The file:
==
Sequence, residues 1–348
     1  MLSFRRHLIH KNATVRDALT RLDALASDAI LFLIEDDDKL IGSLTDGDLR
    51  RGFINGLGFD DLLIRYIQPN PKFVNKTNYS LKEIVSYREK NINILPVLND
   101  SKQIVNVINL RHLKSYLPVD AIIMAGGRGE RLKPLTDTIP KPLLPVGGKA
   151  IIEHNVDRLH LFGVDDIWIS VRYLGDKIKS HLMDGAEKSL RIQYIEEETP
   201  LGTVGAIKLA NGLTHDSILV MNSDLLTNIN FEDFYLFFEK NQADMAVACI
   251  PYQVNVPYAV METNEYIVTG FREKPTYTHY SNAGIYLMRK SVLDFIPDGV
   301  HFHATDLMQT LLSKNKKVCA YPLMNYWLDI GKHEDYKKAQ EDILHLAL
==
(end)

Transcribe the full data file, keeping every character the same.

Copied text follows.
Sequence, residues 1–348
     1  MLSFRRHLIH KNATVRDALT RLDALASDAI LFLIEDDDKL IGSLTDGDLR
    51  RGFINGLGFD DLLIRYIQPN PKFVNKTNYS LKEIVSYREK NINILPVLND
   101  SKQIVNVINL RHLKSYLPVD AIIMAGGRGE RLKPLTDTIP KPLLPVGGKA
   151  IIEHNVDRLH LFGVDDIWIS VRYLGDKIKS HLMDGAEKSL RIQYIEEETP
   201  LGTVGAIKLA NGLTHDSILV MNSDLLTNIN FEDFYLFFEK NQADMAVACI
   251  PYQVNVPYAV METNEYIVTG FREKPTYTHY SNAGIYLMRK SVLDFIPDGV
   301  HFHATDLMQT LLSKNKKVCA YPLMNYWLDI GKHEDYKKAQ EDILHLAL